Data Sources: %ΔWC is the growth rate of water consumption; %ΔG is the economic growth rate; and DGWC is the decoupling elasticity of water consumption and economic growth.

Table 3 shows that the decoupling state during the Tenth Five-Year Plan period (2001–2005) is unstable but improved in the Eleventh Five-Year Plan period (2006–2010). During the Twelfth Five-Year Plan period (2011–2015), decoupling is relatively good, but unstable. In terms of strong decoupling, only the decoupling elasticity in 2003 is an absolute value at 1.32 whereas the other values are less than one. However, the degree of decoupling is weak and needs further improvement. In particular, the most unsatisfactory state of decoupling is in 2012 with a strong negative decoupling, which is closely related to the increase of water consumption and economic recession in that year. In 2014, the decoupling elasticity reached its maximum value of 13.47 in the sample period. The total industrial water consumption in that year increased considerably, resulting in a rebound between the economic development of the textile industry and resource consumption.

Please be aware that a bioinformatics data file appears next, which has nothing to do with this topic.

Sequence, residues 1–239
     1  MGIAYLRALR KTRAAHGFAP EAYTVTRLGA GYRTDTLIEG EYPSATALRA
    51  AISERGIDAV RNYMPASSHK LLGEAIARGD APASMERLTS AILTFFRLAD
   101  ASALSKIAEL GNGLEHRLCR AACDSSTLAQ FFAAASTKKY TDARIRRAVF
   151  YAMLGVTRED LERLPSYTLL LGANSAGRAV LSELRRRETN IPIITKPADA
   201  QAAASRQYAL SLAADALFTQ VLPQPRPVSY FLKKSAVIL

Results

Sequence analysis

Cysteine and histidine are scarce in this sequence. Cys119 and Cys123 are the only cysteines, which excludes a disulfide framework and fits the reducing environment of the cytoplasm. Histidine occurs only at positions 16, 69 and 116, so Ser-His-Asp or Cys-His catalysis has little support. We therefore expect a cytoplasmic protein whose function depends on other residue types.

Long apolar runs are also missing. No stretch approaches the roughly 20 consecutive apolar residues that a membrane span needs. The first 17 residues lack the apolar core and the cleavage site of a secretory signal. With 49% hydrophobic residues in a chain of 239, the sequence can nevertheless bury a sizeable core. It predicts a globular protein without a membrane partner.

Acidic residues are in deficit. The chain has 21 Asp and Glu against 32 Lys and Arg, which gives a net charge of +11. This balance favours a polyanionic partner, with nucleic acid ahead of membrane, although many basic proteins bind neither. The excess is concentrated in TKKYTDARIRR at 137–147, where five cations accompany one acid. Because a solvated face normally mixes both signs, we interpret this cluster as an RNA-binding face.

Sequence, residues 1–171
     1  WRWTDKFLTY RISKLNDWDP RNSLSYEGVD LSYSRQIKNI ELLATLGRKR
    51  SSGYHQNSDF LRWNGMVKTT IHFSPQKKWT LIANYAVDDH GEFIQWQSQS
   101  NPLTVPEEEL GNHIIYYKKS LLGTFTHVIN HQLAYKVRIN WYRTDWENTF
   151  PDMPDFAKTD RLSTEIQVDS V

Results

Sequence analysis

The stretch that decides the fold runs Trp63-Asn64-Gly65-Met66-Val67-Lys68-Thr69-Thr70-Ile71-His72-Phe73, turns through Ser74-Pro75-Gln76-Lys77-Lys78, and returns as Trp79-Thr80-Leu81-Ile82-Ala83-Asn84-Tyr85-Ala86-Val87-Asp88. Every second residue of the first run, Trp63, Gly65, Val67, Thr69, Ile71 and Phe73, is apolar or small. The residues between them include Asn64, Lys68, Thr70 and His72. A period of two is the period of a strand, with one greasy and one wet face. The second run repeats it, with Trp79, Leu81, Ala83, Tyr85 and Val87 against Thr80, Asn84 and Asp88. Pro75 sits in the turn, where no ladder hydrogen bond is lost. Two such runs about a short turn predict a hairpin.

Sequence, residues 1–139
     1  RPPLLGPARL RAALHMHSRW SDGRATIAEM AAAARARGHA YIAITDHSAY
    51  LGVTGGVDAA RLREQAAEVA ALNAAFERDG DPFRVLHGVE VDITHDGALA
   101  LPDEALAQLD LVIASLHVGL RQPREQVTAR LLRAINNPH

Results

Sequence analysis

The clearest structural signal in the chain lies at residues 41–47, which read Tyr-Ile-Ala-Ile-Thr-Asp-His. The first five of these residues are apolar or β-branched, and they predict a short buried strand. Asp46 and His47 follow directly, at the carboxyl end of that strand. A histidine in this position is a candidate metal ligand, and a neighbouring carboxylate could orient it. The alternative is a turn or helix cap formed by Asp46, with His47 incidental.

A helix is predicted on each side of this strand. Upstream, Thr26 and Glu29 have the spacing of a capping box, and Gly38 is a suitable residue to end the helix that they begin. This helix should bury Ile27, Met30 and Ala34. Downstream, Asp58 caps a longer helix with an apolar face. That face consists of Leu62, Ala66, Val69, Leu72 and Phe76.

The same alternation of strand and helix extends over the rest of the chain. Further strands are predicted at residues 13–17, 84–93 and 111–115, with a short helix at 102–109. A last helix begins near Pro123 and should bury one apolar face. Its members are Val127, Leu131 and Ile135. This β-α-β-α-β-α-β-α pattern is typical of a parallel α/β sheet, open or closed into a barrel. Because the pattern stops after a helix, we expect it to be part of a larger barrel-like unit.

Grey water footprint (wastewater discharge) decoupling

Table 4 shows the decoupling elastic calculation results of the grey water footprint of the textile industry and economic growth in China from 2002 to 2015.

Table 4:
Decoupling elasticity of grey water footprint in China textile industry from 2002 to 2015.
Year %ΔWFg G DG−WFg Degree of decoupling
2002 −5.99 7.15 −0.84 Strong decoupling
2003 −5.81 7.66 −0.76 Strong decoupling
2004 13.58 18.67 0.73 Weak decoupling
2005 4.01 22.86 0.18 Weak decoupling
2006 5.55 26.64 0.21 Weak decoupling
2007 3.04 18.85 0.16 Weak decoupling
2008 −5.90 40.73 −0.14 Strong decoupling
2009 4.13 6.38 0.65 Weak decoupling
2010 −2.90 12.40 −0.23 Strong decoupling
2011 5.13 25.39 0.20 Weak decoupling
2012 −4.56 −3.09 1.48 Recessive decoupling
2013 −2.60 4.84 −0.54 Strong decoupling
2014 −7.29 0.75 −9.72 Strong decoupling
2015 −6.85 7.42 −0.92 Strong decoupling
DOI: 10.7717/peerj.6937/table-4

Data Sources: %ΔWFg is the growth rate of wastewater discharge; %ΔG is the economic growth rate; and DG−WFg is the decoupling elasticity of wastewater discharge and economic growth.

From the overall decoupling trend, China’s textile industry economic growth and grey water footprint shows a good decoupling. Apart from the negative economic growth rate of the textile industry in 2012 that led to the recession decoupling, the other years mainly showed strong or weak decoupling, with the overall trend showing an increasing decoupling. Specifically, the decoupling trend can be divided into three stages.